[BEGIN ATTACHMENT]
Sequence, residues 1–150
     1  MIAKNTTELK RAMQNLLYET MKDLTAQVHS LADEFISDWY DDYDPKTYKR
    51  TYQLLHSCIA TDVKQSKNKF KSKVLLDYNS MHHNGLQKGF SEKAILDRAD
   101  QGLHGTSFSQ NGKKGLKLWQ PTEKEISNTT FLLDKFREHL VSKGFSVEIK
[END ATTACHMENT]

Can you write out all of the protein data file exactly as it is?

Sequence, residues 1–150
     1  MIAKNTTELK RAMQNLLYET MKDLTAQVHS LADEFISDWY DDYDPKTYKR
    51  TYQLLHSCIA TDVKQSKNKF KSKVLLDYNS MHHNGLQKGF SEKAILDRAD
   101  QGLHGTSFSQ NGKKGLKLWQ PTEKEISNTT FLLDKFREHL VSKGFSVEIK